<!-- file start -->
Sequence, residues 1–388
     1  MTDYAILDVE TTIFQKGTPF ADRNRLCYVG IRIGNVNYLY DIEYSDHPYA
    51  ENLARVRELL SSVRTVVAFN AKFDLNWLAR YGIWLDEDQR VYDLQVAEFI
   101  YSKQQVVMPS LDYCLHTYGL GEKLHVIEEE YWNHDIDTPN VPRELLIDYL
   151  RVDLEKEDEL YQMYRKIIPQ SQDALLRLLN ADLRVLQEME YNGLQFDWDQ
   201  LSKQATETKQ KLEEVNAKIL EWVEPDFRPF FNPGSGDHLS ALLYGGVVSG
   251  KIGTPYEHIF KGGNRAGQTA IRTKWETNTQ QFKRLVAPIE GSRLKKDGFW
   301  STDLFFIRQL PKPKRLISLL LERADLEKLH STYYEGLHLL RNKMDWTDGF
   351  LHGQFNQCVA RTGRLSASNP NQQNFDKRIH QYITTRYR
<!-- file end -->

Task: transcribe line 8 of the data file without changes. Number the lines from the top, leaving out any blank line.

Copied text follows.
   301  STDLFFIRQL PKPKRLISLL LERADLEKLH STYYEGLHLL RNKMDWTDGF